Forum OpenACS Development: util_httppost

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Posted by Antonio Pisano on
Hello everyone,

I found mysefl several times in the need to call webservices on the internet by POST requests.

util_httppost was useful sometimes, but unfortunately nowadays webservers make use a lot of SSL, compression and such, which make useless this simple proc.

Under unix we have curl, which is a very neat tool for this kind of task and supports all the advanced features one should need when POSTing to a server.

Inspired by acs/tcl/proxy-procs.tcl, I have created a conditional wrapper to the proc: if curl is present on the system, utill_httppost will use curl, otherwise the regular proc will be used.

Using curl options, I kept the very same behavior of the normal proc, so the change should be transparent for existing code.

Is it ok if I commit the change to the CVS?

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2: Re: util_httppost (response to 1)
Posted by Gustaf Neumann on
In the naviserver world, ns_http [1] and ns_ssl [2] are the preferred interfaces, since they use directly the existing C-level socket interface (ns_ssl requires the nsssl module to be loaded).

aolserver and navisever have as well ns_httppost.

And then there are already places in OpenACS that use wget. See e.g. apm_transfer_file in acs-tcl/tcl/apm-file-procs.tcl
I'am not aware of any place that is using curl so far. Is there a good reason using curl instead of wget?

... and then there is as well ::xo::HttpRequest, which supports ssl + POST.

It would be great to cleanup here and collect the http(s)-client requests and to provide a common interface for this, checking what's available and "do the right thing". Could you help here?

Actually, util_httppost is not the best name at all. The file acs-tcl/tcl/utilities-procs.tcl defines a namespace "::util", most functions in this file use the prefix "util_", some functions are in the namespace. seems that someone left here something unfinished back. IMHO, all util_* functions should be deprecated, and be moved into ::util:: or some better namespace.

-gn

[1] https://bitbucket.org/naviserver/naviserver/src/459dfee88af56bdeccbee118013edf2be57bb402/doc/src/naviserver/ns_http.man?at=default
[2] https://bitbucket.org/naviserver/nsssl/src

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3: Re: util_httppost (response to 2)
Posted by Antonio Pisano on
Sometimes capabilities of wget and curl intersect, but wget is mostly oriented to the download of files, while curl to the upload.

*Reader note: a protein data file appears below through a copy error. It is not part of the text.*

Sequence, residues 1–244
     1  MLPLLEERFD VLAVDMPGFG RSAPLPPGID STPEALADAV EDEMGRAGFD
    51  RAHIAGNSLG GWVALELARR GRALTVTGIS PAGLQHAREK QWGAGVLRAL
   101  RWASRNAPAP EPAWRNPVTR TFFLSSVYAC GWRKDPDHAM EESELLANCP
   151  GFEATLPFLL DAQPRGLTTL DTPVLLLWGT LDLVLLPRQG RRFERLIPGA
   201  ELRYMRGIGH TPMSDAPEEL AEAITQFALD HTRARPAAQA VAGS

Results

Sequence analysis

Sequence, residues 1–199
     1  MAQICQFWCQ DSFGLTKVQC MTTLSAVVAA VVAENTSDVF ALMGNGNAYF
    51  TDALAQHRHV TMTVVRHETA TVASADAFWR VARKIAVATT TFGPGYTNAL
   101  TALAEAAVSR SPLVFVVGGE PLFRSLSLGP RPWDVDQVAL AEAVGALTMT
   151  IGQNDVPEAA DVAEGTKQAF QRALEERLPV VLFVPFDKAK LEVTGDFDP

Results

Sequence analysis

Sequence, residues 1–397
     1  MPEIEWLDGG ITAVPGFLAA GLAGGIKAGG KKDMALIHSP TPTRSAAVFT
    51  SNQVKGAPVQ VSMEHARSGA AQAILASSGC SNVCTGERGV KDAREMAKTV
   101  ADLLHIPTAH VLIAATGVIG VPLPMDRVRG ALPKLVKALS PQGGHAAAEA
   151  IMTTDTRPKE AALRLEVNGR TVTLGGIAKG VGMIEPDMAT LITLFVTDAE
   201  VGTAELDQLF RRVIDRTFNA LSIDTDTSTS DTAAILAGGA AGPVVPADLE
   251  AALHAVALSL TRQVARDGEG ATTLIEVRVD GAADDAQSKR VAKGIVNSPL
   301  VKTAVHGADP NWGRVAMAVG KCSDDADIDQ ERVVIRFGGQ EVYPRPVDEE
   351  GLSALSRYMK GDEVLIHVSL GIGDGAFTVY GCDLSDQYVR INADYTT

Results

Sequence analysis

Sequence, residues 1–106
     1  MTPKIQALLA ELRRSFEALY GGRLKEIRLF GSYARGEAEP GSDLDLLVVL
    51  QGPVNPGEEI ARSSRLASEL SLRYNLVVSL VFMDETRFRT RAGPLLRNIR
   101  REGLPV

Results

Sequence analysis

First, curl allows the uploading of multiple files to web forms, and second, it supports transparently authentication, ssl and compression of the stream. This are the most important features wget lacks by my knowledge.

On the other hand, curl cannot download recursively.

My toughts on the use of curl come from this doubt: is there now an interface allowing to upload multiple files and fields, by POST or GET, to a webserver requiring authentication and using ssl and/or compression?

There is some confusion indeed about http client api, as we have the ns_*, ad_*, util_* and ::xo::* alternatives around, but (correct me if I am wrong), at the moment none of those offers all the features I mentioned.

I can of course help in revising the situation, but what would be the route you'd suggest?

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4: Re: util_httppost (response to 1)
Posted by Steffen Tiedemann Christensen on
For the sake of completeness: There's also the built-in http package in Tcl:
http://www.tcl.tk/man/tcl8.4/TclCmd/http.htm

This does a nice job of handling SSL request (using the Tcl tls package) and modelling different kinds of requests. It also plays nicely with Tcl threads and async queues (just like ns_http seems to).

Even with an exec proxy in place, there are significant downsides to using curl instead of something more native to the environment. Even if you assume that the external process doesn't leak, you'll find that curl has slightly different quoting notations and that some charsets require explicit handling and [encoding convertto].

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5: Re: util_httppost (response to 4)
Posted by Antonio Pisano on
Thanks for the pointer Steffen. You're right about the use of external commands, but I couldn't think of a better tool around... It was also very inviting, because it would have been a lot of stuff less to care about.